3. ^ Appointed to fill vacancy following the resignation of Rob Johnson in April 2019.[24]


  1. ^ "November 5, 2019 General Election". King County Elections. April 22, 2019. Retrieved November 11, 2019.
  2. ^ "Seattle City Council Members / 1946-2015". Seattle Municipal Archives. Retrieved March 29, 2019. The 1963 State Elections Act (RCW 29.13) mandated ... Terms of office were to begin on the first day of the next year.
  3. ^ "RCW 29A.52.231 Nonpartisan offices specified". Revised Code of Washington. Retrieved March 29, 2019. All city, town, and special purpose district elective offices shall be nonpartisan and the candidates therefor shall be nominated and elected as such.
  4. ^ November 3 General Election results, King County Elections, November 24, 2015
  5. ^ "Seattle City Council Districts - City Clerk -" -
  6. ^ "Districts FAQ". Find Your Council District. Office of the City Clerk. Retrieved February 27, 2019.
  7. ^ Lange, Greg; Tate, Cassandra (November 4, 1998). "Legislature incorporates the Town of Seattle for the first time on January 14, 1865". HistoryLink. Retrieved December 5, 2017.
  8. ^ "1869-1882: The Common Council under the First City Charter". Seattle Municipal Archives. Retrieved December 5, 2017.
  9. ^ "1884-1890: Ward System Established". Seattle Municipal Archives. Retrieved December 5, 2017.
  10. ^ Charter of The City of Seattle, Commonly Known as The Freeholders' Charter. Seattle: The Northwestern Printing Company. October 1, 1890. p. 9. OCLC 38579564. Retrieved December 5, 2017 – via Google Books.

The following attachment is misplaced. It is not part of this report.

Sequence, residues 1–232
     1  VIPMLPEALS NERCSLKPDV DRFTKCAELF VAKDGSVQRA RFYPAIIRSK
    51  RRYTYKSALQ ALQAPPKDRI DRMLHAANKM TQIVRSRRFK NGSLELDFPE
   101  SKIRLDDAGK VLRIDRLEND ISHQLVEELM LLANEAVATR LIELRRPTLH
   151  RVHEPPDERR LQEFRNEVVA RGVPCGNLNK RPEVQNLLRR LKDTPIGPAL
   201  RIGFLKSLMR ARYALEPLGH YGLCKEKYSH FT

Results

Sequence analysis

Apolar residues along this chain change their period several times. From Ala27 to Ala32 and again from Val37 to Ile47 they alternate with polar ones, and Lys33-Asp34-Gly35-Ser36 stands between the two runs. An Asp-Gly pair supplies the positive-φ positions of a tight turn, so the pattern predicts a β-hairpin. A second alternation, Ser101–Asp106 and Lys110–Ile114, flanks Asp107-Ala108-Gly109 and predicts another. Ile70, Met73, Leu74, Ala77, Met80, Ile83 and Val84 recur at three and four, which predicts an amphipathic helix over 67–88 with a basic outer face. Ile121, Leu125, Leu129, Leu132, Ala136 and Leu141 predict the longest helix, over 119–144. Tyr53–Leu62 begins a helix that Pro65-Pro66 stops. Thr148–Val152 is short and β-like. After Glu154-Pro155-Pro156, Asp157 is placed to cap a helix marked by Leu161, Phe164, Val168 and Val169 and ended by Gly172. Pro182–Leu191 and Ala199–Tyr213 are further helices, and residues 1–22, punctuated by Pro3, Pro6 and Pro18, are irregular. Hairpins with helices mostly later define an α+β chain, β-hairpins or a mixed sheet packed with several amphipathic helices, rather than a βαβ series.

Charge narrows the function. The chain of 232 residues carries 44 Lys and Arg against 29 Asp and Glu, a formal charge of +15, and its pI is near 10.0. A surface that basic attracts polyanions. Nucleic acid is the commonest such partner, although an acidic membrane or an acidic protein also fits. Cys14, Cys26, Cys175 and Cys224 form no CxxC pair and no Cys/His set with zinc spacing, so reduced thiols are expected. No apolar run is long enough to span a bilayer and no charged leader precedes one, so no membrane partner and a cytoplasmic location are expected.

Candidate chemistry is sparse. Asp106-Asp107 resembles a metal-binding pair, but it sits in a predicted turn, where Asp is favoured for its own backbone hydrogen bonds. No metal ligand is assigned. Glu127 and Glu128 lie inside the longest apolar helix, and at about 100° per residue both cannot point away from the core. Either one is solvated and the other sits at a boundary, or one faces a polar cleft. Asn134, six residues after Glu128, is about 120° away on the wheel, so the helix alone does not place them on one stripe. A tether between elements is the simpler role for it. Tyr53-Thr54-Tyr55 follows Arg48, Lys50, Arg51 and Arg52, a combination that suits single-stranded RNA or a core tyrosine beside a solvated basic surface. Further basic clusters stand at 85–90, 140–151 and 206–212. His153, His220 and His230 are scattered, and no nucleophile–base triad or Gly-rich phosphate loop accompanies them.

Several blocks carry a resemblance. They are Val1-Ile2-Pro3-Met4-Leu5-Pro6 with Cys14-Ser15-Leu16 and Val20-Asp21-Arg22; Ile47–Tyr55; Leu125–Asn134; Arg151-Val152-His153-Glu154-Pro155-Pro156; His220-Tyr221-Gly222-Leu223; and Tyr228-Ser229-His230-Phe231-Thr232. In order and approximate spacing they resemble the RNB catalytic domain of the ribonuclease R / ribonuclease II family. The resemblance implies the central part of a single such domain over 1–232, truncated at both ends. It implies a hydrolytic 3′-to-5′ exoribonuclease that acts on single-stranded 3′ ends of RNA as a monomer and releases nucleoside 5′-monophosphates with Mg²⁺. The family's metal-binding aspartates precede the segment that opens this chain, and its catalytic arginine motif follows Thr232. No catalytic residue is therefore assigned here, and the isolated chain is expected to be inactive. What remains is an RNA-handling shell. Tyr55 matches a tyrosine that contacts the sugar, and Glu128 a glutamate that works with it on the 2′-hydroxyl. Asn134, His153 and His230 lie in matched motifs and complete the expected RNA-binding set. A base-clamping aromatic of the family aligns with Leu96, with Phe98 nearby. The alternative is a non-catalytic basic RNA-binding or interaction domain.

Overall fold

11. ^ "SEEC Law & Filer Info" -
  12. ^,_Washington_municipal_elections,_2015
  13. ^ a b "Charter Amendment 19" (PDF). King County Elections. August 5, 2013. p. 7. Retrieved February 27, 2019.
  14. ^ "Current and Prior Election Information 1998 - present" - King County Elections -
  15. ^,_Washington_municipal_elections,_2015
  16. ^ Seattle City Council Members, 1869–Present Chronological Listing, Seattle City Archives. Accessed online February 1, 2011.
  17. ^ Brunner, Jim (November 18, 2005). "Seattle's council members among highest-paid in U.S." The Seattle Times. Archived from the original on January 10, 2006. Retrieved November 9, 2019.
  18. ^ "2017 Salary Schedule and Compensation Plan" - Seattle Department of Human Resources -
  19. ^ "2018 Salary Schedule and Compensation Plan" - Seattle Department of Human Resources -
  20. ^ "1910-1946 - CityArchives |". Retrieved November 1, 2020.
  21. ^ "Great Northern Tunnel -- Seattle". Retrieved November 1, 2020.
  22. ^ "General and Special Elections - CityArchives |". Retrieved February 14, 2019.
  23. ^ Roberts, Gregory (April 27, 2007). "Charlie Chong, 1926-2007: Former councilman blazed trail in City Hall". The Seattle P-I. Retrieved November 8, 2019.
  24. ^ Beekman, Daniel (April 22, 2019). "Seattle City Council appoints Abel Pacheco to succeed Rob Johnson". The Seattle Times. Retrieved April 22, 2019.

External links


  • Hugh DeLacy Papers. 1938–1985. 4.87 cubic feet (11 boxes, 1 map tube, 1 package). Contains records from DeLacy's service with the Seattle City Council from 1938–1939.
  • Frederick G. Hamley Papers. 1933–1963. 6.83 cubic feet. Contains records from Hamley's service with the Seattle City Council from 1935–1936.
  • Austin E. Griffiths Papers. 1891–1952. 11.73 cubic feet (25 boxes). Contains records from Griffiths' career as Settle city councilman from 1910–1913.
This page was last edited on 29 March 2021, at 06:33